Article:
Gas analysts say fuel prices in Metro Vancouver could reach record levels this weekend.
Drivers are expected to pay about $1.679 Thursday, but that could jump to as high as $1.75 by the weekend.
“We’re seeing unprecedented highs. We haven’t seen prices like this, going back to May 19, 2019,” said Dan McTeague, president of Canadians for Affordable Energy.
That’s when prices reached an all time high of $1.729.
Now, problems at a refinery in Ferndale, Wash. have caused a drop in supply.
“This isn’t about just Vancouver and the usual garden variety gouging that we all like to think this is. It has a lot to do with supply drop shock. And of course, with added taxes here in our city, being the highest tax jurisdiction in North America with the highest prices, nothing is surprising,” explained McTeague.
He expects prices will remain high for the rest of the summer.
“Retail margins in Vancouver are skinny, seven cents, seven and a half cents a litre,” McTeague told CTV News.
In comparison, it’s about 13 to 15 cents in Calgary and Edmonton.
“Don’t blame the retailer if this has a lot to do with the market,” he said.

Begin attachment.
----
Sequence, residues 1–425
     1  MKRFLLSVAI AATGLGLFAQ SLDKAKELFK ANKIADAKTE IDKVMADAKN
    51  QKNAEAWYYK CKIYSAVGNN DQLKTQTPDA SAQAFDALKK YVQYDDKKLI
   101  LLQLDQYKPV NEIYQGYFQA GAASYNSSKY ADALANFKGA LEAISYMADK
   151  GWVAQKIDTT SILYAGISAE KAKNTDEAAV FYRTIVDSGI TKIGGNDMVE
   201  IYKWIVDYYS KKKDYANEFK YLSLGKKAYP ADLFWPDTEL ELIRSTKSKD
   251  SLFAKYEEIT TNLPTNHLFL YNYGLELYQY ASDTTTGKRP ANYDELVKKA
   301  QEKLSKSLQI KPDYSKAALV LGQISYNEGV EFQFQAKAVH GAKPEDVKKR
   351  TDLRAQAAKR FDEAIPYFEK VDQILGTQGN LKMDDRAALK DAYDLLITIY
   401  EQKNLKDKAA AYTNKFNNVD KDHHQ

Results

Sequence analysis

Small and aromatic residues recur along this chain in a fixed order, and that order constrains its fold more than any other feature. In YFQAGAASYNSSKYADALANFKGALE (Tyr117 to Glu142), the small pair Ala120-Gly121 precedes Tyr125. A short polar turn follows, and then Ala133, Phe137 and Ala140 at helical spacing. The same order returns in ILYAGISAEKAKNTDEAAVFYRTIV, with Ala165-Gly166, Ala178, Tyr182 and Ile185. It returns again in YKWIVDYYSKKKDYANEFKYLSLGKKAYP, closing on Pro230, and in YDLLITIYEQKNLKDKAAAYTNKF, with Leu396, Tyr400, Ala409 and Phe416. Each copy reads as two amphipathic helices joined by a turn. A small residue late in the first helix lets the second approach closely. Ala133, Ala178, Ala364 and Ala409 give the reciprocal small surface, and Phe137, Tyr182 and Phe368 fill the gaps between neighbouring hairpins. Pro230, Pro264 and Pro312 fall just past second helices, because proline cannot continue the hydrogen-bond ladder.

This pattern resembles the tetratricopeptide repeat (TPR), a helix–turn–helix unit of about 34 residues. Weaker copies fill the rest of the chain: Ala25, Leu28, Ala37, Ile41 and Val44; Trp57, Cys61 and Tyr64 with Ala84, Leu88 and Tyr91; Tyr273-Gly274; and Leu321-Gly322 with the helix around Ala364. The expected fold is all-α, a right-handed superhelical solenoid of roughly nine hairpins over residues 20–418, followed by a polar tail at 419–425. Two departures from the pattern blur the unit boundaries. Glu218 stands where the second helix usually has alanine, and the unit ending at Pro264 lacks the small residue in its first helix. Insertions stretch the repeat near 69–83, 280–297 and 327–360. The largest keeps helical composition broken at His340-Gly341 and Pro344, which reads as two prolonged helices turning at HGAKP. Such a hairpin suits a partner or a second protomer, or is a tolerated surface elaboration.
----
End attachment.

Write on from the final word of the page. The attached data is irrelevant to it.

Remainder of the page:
McTeague says Metro Vancouver has the highest gas prices in the country because of a myriad of taxes.
“If your destination takes you anywhere, as long as you’re outside of the area served by TransLink, gasoline prices drop substantially,” said the analyst.
For example, drivers in B.C.’s Interior pay about 20 cents per litre less.
With the U.S.-Canada border remaining shut due to the pandemic, drivers don’t have the option of heading to the United States to fill up either, where they would pay about $1.30 a litre.
McTeague is advising drivers to be mindful when taking a road trip this summer.
“Ensure your vehicles are maintained, the tires are pumped up and inflated properly, make sure that you use air conditioning sparingly,” he said.
Driving is becoming increasingly unaffordable in Metro Vancouver, McTeague, who spent many years as a member of Parliament, says it may be time for the province to step in.
“What is being done now is really harming the economy, harming the finances of ordinary hardworking people,” he said.
“I think politicians in Victoria should be spending a bit more time paying attention to bread and butter issues. Things at a time in which we need to get the economy up and running, again, not burden people with, with higher costs to do the things they need to do, get to work, and go from point A to point B efficiently.”
The rising gas prices are expected to cause a ripple effect, with higher transportation costs raising the prices of groceries and other goods.
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